SEATTLE -- Hisashi Iwakuma was around the strike zone all game in the Mariners' series opener against the Rangers, throwing 85 of his career-high 118 pitches for strikes and not walking a single hitter.
Over the first two innings of what became a 4-3 win for the Mariners, however, Texas' hitters used that accuracy to their advantage, fouling off pitch after pitch. Doubles by Shin-Soo Choo and Bobby Wilson gave the Rangers a 2-0 lead in the second inning, and a series of lengthy at-bats ballooned the 34-year-old righty's pitch count to 52 pitches after just two innings.
"They were fouling off good pitches, quality pitches, bad pitches, tooth and nail and you have to give them credit for 52 pitches in the first two innings," said Iwakuma through interpreter Antony Suzuki. "I'm very happy that we came back and scored four runs."
The Mariners' offense did indeed come back, launching three home runs to put Iwakuma in line for his third win of the season, but Iwakuma also came back with a more efficient showing to close out his night, retiring nine of the final 10 hitters he faced.
"He started to make more quality pitches. I thought they fouled off some some good pitches that really got his pitch count up," said Mariners manager Lloyd McClendon. "It wasn't that he was erratic or out of the zone, they were just fouling balls off."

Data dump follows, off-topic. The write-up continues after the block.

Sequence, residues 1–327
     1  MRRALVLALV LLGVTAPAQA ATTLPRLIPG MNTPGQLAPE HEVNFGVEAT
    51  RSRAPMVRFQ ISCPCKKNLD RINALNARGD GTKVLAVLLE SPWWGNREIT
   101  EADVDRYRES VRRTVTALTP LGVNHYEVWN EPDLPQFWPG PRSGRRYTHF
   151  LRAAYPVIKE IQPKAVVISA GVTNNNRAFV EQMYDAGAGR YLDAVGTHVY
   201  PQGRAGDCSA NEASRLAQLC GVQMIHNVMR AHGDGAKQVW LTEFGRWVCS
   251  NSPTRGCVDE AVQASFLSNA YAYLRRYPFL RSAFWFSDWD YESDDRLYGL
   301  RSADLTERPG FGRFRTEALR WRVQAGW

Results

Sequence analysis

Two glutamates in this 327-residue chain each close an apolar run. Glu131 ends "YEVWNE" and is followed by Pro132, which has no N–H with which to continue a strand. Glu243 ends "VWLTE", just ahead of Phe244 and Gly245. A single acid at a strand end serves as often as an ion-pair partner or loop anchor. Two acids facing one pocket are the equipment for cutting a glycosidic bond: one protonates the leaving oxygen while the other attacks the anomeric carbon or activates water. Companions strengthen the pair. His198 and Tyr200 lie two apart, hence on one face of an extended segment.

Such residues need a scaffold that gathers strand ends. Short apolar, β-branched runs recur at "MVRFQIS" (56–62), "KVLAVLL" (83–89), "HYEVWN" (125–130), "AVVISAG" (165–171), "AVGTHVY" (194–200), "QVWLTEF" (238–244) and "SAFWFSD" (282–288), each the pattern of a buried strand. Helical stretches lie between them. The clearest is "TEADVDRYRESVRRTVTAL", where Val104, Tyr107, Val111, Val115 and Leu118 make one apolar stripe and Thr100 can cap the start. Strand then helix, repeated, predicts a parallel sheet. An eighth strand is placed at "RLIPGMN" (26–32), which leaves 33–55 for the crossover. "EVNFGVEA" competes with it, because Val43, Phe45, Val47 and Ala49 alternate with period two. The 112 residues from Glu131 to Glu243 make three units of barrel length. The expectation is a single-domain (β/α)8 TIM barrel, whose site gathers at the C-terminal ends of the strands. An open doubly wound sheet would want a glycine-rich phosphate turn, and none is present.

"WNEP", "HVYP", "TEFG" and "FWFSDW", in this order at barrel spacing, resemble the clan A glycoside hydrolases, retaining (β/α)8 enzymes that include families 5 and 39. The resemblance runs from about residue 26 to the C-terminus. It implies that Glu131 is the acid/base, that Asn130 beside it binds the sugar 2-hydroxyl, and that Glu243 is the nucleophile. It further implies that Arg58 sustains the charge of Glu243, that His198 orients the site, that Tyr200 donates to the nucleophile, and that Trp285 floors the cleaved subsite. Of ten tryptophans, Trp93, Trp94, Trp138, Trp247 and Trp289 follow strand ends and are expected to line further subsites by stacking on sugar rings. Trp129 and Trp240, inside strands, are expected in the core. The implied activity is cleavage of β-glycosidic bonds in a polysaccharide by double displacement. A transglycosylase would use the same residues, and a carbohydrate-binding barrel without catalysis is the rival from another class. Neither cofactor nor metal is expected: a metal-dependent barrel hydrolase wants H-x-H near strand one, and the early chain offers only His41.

More bite to his splitter and breaking pitches, coupled with what Iwakuma said was a more eager approach from Texas' hitters, led to five straight innings of 16 pitches or fewer for Iwakuma before McClendon went to his bullpen.
"Third inning on I felt they were more aggressive earlier in the count," Iwakuma said. "When I saw that, I wanted to pitch to contact and get early outs and it helped."
Despite an improved efficiency after the second inning, Iwakuma did run into some trouble in the fourth, adding to the Rangers' cushion. After getting Choo to ground into a forceout and getting Elvis Andrus to fly out to right, Iwakuma nearly got himself out of two-out jam with runners on the corners, but missed in the dirt with Wilson batting for a wild pitch, allowing Moreland to score the Rangers' third run of the game.
"It's tough because we have two outs and you don't want to give up another run," Iwakuma said. "It was tough but you just stay patient throughout."
It was McClendon's decision to swap Iwakuma's spot in the rotation with Mike Montgomery's, allowing Iwakuma to throw on a normal four days' rest after an off day, and it was one that paid off.
"A couple things came into play," McClendon said. "But the fact that he was in such a good groove, I didn't want to mess with that right now."
Andrew Erickson is an associate reporter for MLB.com. This story was not subject to the approval of Major League Baseball or its clubs.